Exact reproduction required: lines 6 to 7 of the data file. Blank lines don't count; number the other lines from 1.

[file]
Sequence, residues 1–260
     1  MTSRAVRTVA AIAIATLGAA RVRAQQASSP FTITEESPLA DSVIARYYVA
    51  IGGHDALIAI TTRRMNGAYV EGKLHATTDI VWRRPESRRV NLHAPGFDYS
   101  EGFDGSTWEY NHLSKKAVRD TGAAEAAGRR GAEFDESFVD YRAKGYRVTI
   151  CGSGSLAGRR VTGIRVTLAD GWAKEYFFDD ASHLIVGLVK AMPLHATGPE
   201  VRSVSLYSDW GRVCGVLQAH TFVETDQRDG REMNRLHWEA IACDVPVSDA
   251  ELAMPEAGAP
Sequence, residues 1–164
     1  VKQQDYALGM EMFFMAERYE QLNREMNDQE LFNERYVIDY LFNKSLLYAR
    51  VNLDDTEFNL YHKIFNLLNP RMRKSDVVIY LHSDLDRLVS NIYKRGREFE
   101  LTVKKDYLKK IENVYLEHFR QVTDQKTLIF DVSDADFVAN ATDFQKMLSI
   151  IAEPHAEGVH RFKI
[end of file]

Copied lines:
   201  VRSVSLYSDW GRVCGVLQAH TFVETDQRDG REMNRLHWEA IACDVPVSDA
   251  ELAMPEAGAP